Since the tray will accommodate either the aforementioned sponge or the steel wool soap pad, the lid/tray combination can be used with a cleanser can in the kitchen and in every bathroom as well. There will be no need to remove the tool from the kitchen cupboard and transport is to the bathroom for use there. Each area may have its own cleanser can with accompanying lid/tray attachment for handier use in each bathroom and kitchen, thereby eliminating the unsightliness of make-shift storage areas for these tools in any part of the house. Should the homemaker wish to transport only the lid/tray with a wet sponge to another area of the house such as the bathroom, this may be done without fear of wetting floor surfaces with an otherwise dripping sponge. Transport of both sponge and steel wool pad may be carried in the tray for use elsewhere.

In using the lid/tray attachment, one simply places the lid on the cleanser can in a snap-on fashion. It will fit snugly enough so as to prevent any cleanser spills should the can topple, yet loose enough for easy removal. Once removed, the tray portion will serve as a counter soap dish-like article where the sponge, steel wool pad, or a bar of soap may be placed during the process of cleaning, scouring or rinsing. This will allow for a neater cleaning area as no remaining residue from the cleaning process will remain to taint the surrounding counter area or cleaning area, since the tool will e placed back in the tray when not in use, as soap is placed back in the soap dish. This will save time as well, since there will be little after cleaning needed, whereas previously blue suds or even rust tinges remained with the placing of a used BRILLO® soap pad on the counter or sink area.

Should the homemaker find it necessary, the ray portion may be used, temporarily, to contain bleach or a liquid such as LESTOIL® in the cleaning process, in conjunction with he cleanser; or simply soapy water, depending on the cleaning chore. The homemake may opt to leave the tray in the cupboard and use an entirely different tool, but the tray will still serve as a storage area for the left-behind tool so that whether or not it is attached to the cleanser can the tray still serves as a storage compartment. It is a receptacle both on or off the cleanser can, with no distortion required for the tool.

Though some homemakers have been placing the tool on top of the perforated can surface, this practice has brought about the seepage of liquid into the cleanser can, thereby solidifying the once powdery contents. The holed surface of the cleanser can has also become clogged. With use of the lid/tray attachment, the separation provided between the tool and the perforated holes will no longer allow for seepage of any kind. The powdery contents will be thoroughly protected from outside intrusion and the homemaker will be able to use the total contents of the cleanser rather than having to discard a half used, solidified portion that has been rendered unusable.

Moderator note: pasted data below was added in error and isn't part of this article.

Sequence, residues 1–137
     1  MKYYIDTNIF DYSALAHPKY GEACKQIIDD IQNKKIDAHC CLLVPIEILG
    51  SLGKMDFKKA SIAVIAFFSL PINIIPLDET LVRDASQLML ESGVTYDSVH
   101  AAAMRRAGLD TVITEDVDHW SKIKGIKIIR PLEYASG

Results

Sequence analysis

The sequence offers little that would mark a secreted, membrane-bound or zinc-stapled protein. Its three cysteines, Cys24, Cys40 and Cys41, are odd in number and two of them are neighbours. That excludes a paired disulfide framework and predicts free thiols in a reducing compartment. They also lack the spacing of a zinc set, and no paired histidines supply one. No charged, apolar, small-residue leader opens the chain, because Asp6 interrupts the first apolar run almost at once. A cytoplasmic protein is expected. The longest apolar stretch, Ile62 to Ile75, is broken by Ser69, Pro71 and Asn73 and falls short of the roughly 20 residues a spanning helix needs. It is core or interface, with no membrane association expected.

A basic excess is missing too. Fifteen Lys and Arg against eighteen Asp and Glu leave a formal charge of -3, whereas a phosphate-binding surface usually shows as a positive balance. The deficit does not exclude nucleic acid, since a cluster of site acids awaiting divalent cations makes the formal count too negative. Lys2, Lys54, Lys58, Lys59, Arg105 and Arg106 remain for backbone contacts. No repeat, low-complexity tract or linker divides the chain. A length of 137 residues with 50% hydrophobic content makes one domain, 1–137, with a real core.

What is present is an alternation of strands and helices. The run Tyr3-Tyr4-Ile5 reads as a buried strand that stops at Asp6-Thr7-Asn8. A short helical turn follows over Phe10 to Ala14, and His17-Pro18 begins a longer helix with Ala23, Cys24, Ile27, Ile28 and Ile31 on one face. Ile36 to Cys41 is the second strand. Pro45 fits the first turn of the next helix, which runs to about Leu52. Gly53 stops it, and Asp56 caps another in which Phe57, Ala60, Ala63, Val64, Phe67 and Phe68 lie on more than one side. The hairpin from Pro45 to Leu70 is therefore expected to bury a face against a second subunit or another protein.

Another added feature is in using the lid/tray upside down as a base platform on top of which is inserted the cleanser can as on a stage. While the can itself remains upright, this placement will allow for the stability of the can (in cases where the tray portion is larger than the lid), as well as serving as a protection from any undesirable surfaces on which the can may be placed, such as a lawn, for outdoor cleaning. The inverted tray now serves as a platform to render the cleanser topple-proof. Or it could be placed on a wet surface such as a wet driveway when washing a car. The paper can is now protected from water puddles. Since this invention can be utilized in reversal positions while still attached to the cleanser can, it should be considered unique.

With the placement of a separate cleanser can with the lid/tray attachment in every cleaning area, the homemaker will find its convenience time saving and more organized. Its one time cost will be repaid many items over through is use as a durable, retainable cap/storage compartment that should last a long time.

The lid/tray attachment, made of flexible plastic or rubber, is comprised of the following dimensions, specifically to conform to the diametric size and shape of the cleanser can:

The cylindrical cleanser can has a top end with an upper rim measuring 9.25 inches in circumference. The sponge cleaning tool measures 4.5 inches in length, 2.75 inches in width and 0.05 inches in depth.

Since the tray portion may vary in size and shape, it is capable of accommodating a variety of tools with little restriction. Its main purposes are:

1) to accommodate these tools in such a way as to prevent distortion of the tool.

2) for its handy convenience in conjunction with the cleanser can.

3) to allow for open air drying of the tool.

4) to provide a tray that may also be used to contain liquid, temporarily.

5) to allow for a proper storage area for a tool that will be used many times before discarding.

6) a means of keeping the powder contents dry and free of intrusion of liquid.

7) to provide a more orderly, more organized space saving cupboard area.

8) to serve as a topple-proof stand.

9) to serve as a soap dish.

But most important is the fact that it is made to be retained and not discarded. It is designed to be used and reused with each new can of cleanser, each different brand of cleaner, for the length of its life. It is designed for use with a specific container, rendering all other inventions similar in concept totally useless for this particular purpose.

Inventions cited previously, because of similarity of use, would have to be redesigned for compatibility with the particular cleanser can.

Where other cited inventions may show some similarities, their design requires both lid/receptacle and container (can). Whereas this invention consists only of the lid/tray attachment. This, plus the fact that it is retainable renders it totally unique for comparative use.

Simple in design, the lid/tray attachment requires no tracks for attachment, no screw-on device for attachment, no lock-in lip for sealing. It is easily applied in a snap-on fashion, and just as easily removed.